Its Bode Museum contains Byzantine art and European sculpture, while Queen Nefertiti reigns at the Neues Museum. Antiquities are the fare at the Altes Museum, and 19th-century paintings fill the Alte Nationalgalerie. The ancient treasures at the Pergamon include the massive Pergamon Altar and Babylonian Ishtar Gate on permanent display. I spent half a day at the Pergamon and half a day viewing paintings.

From “Alex,” I took the U-Bahn, for speed, to Zoologischer Garten station, although I could have taken the 100 bus. From there, I oriented myself and walked a block to the Kurfürstendamm, also known as the Ku’damm, where I turned right, continuing for two blocks to Fasanenstrasse. 

On the right, in the middle of the block, sat the Käthe-Kollwitz Museum, located in a former residence. It would be an understatement to say that this artist’s work is compelling. 

Several floors of charcoal drawings, lithographs and woodcuts illustrated the heartbreak of war. The love of a mother for her child, the loss of children, the plague of poverty — timeless themes that eternally plead for understanding. 

Lunch at the Café im Literaturhaus in the garden next door to the museum offered just-right portions of salad.

I returned to the Ku’damm and turned left. Two blocks later a board appeared advertising the interactive museum Story of Berlin. 

An inner corridor between two buildings led to an entrance on the right that was rather like the lobby of a modern theater. The museum seemed very small, but, inside, I was excited by the variety of exhibits in its many rooms. 

Historical, cultural and political eras were portrayed, from the founding of the city to the destruction of The Wall. I could even enter an authentic nuclear shelter and walk over hundreds of books to remind me of those publicly burned in 1933 as an “action against the un-German spirit.” I left after several hours, having overlooked much. 

The Pergamon Altar at the Pergamon Museum on Museuminsel.

The next day was somewhat gloomy when I returned to Zoologischer Garten and turned left at the Ku’damm to see the remains of the Kaiser Wilhelm Church, a monolith of rubble, standing just as it did after being bombed — a mere suggestion of its former glory. Beside it squatted a new small church, an octagonal sanctuary walled in blue glass squares of varying hues. It was well worth entering to experience the color and modern altar.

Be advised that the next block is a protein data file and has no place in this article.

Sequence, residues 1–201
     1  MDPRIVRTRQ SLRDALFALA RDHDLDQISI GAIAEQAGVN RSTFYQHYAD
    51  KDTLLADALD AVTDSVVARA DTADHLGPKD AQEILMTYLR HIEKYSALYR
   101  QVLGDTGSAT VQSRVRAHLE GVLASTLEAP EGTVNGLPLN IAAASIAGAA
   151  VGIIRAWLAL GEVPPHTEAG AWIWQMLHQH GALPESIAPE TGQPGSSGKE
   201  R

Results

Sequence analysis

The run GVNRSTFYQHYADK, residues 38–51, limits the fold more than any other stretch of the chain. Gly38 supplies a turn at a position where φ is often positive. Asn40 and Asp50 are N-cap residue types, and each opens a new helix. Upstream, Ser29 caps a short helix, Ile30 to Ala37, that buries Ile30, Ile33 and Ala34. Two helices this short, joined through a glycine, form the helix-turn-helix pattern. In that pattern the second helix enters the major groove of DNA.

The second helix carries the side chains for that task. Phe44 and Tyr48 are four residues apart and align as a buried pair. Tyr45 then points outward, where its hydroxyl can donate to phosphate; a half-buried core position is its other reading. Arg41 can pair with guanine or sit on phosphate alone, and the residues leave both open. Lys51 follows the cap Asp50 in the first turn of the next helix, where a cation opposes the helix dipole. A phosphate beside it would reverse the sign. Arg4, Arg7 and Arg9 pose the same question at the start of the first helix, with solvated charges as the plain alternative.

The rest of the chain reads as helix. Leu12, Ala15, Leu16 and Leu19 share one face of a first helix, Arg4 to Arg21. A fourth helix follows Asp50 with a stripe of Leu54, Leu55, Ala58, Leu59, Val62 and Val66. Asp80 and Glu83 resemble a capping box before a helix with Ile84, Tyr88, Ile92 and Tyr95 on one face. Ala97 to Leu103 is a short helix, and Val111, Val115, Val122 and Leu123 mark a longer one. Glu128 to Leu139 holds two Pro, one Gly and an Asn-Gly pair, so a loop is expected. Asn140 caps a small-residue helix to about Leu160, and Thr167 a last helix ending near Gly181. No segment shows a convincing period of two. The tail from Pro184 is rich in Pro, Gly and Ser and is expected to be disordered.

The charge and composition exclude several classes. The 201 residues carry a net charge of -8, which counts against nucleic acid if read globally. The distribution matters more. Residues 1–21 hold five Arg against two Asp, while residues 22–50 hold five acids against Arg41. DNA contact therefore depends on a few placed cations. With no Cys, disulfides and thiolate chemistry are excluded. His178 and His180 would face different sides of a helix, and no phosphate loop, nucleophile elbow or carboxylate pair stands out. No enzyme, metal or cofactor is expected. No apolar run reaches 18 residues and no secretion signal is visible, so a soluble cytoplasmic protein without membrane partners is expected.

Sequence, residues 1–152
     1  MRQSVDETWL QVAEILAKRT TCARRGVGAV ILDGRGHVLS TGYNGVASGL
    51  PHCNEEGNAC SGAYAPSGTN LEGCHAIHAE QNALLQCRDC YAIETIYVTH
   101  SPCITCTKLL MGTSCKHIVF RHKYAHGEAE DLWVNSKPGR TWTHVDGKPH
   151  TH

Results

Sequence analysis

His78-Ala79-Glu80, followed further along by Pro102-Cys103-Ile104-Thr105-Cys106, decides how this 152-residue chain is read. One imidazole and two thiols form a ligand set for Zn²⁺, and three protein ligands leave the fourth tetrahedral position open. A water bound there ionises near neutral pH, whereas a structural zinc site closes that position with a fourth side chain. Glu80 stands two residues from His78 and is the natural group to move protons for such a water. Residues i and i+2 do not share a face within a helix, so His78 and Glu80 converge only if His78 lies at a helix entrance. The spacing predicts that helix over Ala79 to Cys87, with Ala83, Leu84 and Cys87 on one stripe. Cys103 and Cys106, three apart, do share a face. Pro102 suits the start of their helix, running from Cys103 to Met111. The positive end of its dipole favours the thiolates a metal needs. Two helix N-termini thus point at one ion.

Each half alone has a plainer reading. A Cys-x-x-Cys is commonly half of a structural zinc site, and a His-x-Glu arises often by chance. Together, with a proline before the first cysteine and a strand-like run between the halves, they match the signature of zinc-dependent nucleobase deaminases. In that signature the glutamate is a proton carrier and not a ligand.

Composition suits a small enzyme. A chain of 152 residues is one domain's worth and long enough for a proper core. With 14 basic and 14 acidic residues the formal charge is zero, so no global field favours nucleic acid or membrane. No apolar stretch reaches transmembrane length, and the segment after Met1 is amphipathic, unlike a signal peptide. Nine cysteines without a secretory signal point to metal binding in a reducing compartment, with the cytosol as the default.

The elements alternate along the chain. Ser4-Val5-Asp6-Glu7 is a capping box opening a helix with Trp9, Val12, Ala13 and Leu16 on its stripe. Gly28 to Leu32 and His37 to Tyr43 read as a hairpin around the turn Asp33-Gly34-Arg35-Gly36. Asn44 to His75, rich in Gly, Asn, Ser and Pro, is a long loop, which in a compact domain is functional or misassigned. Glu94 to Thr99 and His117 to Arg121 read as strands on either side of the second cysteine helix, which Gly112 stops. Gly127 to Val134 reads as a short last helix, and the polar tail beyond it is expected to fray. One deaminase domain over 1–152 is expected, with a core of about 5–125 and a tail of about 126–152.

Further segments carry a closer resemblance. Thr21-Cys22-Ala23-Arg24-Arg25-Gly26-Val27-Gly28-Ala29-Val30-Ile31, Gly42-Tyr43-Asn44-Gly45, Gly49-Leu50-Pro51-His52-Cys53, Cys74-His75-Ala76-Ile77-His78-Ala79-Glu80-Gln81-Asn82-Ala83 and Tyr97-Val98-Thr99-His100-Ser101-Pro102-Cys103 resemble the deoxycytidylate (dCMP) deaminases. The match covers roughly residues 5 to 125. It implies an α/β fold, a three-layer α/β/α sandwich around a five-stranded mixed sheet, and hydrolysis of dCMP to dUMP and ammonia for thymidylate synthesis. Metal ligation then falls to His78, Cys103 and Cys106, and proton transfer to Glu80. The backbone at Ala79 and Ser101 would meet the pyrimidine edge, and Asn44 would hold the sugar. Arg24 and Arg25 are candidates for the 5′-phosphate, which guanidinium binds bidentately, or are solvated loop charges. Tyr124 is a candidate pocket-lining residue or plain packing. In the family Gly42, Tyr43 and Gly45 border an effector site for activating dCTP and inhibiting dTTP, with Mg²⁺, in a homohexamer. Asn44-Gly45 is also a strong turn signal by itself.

KaDeWe

In the next block, where the street became Tauentzienstrasse, I passed the shops of the Europa Center. Its highest building used to be the best place for looking over the city until The Wall came down and the Fernsehturm at Alexanderplatz took the honors. 

My destination was a few blocks ahead, the amazing one-block-square shopping center called KaDeWe, Kaufhaus des Westens. Some visitors like to spend an entire day there. Each floor is a collection of high-end merchandise, beginning just inside the door with shoes priced from $400. 

The usual departments of men’s and women’s clothing, rugs, housewares, etc., lie above, each floor a virtual museum, but I wanted to get to the sixth floor for its food: marzipan delights, chocolates, wines, 1,500 kinds of cheese, 1,000 varieties of sausage, 500 breads, canisters of exotic teas, counters of cakes and pastries and confections to carry home or have included in a take-out meal. 

But there was more! I had heard that there were more than 30 food islands scattered among other displays. I didn’t see all of them, but I sat down at a counter to watch chefs prepare an Asian meal on the spot. I could have chosen seafood or Greek, Italian or French cuisine or any of 20 others.

Neighborhoods of note

The re-created Potsdamer Platz, aka Sony Center, was a bevy of commercial nooks for eating, shopping and watching movies, all surrounding a high, tented plaza. The restaurants were especially handy for me because, on the next block, I could view 20th-century art and German expressionism housed fittingly in the steel-and-glass Neue Nationalgalerie, designed by Mies van der Rohe. Then I could pop over to the center for a meal before attending a Berlin Philharmonic concert. Bus No. 200 stopped right outside the concert hall for the return to “Alex” after a performance. 

This neighborhood, known as the Kulturforum, was good for several hours of browsing that included the Musical Instrument Museum and a concert at the St. Matthäuskirche.

The nameless concrete stellae of the Holocaust Memorial.

Spending another whole day in a single area was no problem. The Charlottenburg Palace in the former neighborhood of Wilmersdorf is a “must” for many.